Unlike many major cities, London has a fully intergrated transport system under the control of Transport for London (TfL).
TfL has responsibility for London's network of principal road routes, for various rail networks including the London Underground, London Overground, Docklands Light Railway and TfL Rail, for London's trams, buses and taxis, for cycling provision, and for river services. TfL is also responsible with the Department for Transport for commissioning the construction of the new Crossrail line, and will be responsible for franchising its operation when its completed.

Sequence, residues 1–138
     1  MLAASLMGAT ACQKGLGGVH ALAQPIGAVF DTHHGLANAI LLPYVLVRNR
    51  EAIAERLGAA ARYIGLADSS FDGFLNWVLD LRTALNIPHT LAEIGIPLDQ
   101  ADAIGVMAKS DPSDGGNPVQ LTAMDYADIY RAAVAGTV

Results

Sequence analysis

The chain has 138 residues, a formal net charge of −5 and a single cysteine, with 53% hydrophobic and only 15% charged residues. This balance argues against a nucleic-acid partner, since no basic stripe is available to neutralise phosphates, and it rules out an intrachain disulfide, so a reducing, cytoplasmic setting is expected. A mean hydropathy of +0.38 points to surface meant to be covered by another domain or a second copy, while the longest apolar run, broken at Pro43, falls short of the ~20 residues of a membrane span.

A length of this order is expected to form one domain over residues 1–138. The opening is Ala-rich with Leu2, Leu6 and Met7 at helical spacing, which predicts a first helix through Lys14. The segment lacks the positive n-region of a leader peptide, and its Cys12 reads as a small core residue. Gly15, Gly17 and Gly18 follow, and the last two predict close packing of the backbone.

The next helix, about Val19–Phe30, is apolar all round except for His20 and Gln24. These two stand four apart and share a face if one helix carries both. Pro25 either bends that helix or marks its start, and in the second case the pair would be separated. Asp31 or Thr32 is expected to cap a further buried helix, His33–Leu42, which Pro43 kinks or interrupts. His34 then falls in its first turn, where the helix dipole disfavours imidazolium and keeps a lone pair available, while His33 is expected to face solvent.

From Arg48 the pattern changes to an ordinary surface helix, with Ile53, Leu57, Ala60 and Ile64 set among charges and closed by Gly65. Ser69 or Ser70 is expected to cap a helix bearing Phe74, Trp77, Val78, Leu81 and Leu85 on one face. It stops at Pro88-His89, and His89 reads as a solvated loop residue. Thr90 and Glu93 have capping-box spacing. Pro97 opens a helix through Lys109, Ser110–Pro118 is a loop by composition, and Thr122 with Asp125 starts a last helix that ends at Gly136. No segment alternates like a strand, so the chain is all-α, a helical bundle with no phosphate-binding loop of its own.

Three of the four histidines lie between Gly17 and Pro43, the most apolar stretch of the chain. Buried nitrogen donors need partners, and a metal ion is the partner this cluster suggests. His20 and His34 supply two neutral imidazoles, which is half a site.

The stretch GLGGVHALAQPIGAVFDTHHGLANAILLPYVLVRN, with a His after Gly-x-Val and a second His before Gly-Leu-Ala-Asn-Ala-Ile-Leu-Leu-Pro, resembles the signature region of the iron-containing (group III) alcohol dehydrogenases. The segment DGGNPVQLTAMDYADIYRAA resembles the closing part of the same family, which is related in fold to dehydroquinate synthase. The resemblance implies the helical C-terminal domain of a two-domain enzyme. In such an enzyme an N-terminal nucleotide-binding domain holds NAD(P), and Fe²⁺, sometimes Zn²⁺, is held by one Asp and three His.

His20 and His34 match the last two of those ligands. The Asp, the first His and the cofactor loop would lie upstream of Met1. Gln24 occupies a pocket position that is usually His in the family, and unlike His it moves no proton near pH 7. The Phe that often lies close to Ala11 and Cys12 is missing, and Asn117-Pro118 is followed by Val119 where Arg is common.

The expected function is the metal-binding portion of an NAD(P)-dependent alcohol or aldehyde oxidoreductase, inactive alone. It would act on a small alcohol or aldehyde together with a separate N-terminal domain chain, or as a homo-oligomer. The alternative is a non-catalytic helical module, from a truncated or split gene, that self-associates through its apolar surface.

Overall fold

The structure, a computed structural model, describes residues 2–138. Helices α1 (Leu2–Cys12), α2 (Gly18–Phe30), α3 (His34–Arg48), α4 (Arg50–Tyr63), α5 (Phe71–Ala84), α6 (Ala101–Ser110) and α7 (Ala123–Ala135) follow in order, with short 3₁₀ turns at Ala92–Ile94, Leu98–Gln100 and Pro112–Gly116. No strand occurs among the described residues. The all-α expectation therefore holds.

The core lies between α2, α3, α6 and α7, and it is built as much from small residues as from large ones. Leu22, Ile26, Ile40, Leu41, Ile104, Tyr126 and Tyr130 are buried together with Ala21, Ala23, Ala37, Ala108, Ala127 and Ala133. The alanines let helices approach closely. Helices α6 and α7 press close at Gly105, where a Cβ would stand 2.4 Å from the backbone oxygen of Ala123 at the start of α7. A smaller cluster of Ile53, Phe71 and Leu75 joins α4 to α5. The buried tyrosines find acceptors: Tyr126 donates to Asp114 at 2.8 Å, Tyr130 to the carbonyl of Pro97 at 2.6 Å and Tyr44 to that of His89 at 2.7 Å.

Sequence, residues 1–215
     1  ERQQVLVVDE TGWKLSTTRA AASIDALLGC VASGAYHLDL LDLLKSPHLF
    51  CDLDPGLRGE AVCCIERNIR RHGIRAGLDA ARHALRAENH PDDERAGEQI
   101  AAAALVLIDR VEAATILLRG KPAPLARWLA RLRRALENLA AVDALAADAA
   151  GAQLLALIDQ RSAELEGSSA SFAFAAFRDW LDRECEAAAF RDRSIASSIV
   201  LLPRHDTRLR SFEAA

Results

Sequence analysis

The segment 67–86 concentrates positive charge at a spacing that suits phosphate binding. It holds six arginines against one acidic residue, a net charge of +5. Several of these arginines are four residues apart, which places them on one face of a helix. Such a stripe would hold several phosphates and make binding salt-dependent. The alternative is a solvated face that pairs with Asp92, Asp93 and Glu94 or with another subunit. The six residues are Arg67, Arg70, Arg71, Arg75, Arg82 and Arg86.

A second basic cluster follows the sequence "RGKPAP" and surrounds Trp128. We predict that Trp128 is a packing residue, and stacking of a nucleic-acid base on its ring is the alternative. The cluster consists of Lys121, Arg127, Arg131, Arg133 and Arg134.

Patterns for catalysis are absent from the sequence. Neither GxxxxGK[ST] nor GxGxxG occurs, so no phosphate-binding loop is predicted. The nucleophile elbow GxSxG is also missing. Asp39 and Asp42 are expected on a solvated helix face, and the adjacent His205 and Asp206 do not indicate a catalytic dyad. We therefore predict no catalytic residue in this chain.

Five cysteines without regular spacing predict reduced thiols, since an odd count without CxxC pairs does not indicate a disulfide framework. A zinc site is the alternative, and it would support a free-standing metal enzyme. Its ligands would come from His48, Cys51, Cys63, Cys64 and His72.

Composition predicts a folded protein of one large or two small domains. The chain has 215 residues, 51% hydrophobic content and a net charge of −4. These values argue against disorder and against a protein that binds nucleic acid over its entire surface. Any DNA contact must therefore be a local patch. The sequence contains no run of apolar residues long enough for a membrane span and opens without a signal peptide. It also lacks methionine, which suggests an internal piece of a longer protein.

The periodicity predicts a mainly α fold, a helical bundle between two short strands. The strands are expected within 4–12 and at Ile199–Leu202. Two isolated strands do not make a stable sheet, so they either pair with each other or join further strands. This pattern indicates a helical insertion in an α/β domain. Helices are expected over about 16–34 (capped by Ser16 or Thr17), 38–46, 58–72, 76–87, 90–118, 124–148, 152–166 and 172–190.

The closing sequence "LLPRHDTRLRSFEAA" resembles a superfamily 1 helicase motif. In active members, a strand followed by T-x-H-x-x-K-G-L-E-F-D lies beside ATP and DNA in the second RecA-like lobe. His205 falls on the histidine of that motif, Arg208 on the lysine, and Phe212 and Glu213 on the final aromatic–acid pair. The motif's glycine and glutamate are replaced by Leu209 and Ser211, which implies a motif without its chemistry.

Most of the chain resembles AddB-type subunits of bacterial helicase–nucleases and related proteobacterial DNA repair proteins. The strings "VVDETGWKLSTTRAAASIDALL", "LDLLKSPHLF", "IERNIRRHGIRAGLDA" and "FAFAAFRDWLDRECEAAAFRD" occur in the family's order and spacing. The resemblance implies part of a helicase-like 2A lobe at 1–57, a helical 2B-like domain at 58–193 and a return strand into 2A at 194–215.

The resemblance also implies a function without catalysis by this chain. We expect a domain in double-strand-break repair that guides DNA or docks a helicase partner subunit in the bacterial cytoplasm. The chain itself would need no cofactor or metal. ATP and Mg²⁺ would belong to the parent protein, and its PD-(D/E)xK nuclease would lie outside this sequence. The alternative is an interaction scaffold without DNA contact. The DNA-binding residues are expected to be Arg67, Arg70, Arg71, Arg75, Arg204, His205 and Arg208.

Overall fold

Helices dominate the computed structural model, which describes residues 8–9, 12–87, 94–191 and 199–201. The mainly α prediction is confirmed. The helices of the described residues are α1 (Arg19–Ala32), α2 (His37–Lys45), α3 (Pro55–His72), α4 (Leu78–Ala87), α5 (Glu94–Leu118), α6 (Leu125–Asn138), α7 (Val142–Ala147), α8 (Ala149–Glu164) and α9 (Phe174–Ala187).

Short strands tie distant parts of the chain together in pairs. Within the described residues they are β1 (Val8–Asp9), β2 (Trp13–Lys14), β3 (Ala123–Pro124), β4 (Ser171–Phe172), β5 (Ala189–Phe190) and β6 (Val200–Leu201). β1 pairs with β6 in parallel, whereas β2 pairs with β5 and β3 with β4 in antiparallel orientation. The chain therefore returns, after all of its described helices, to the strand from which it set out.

Having an intergrated system makes travelling around the capital relatively easy using Oystercards, Travelcards or using the Contactless system.
London Underground generally known as the 'Tube' has a long history being the first metro system in the world, having begun operations in 1863. More than 4 million passengers travel on the Underground every day amounting to over 1 billion passenger journeys per year, The Underground has 11 lines and 270 Stations, most of which connect the suburbs to Central London.
London is the hub for the British Railway Network with 18 major stations providing commuter, Intercity, airport and international services.
Unlike London with its unified system, most of these services are provided by a number of private rail companies.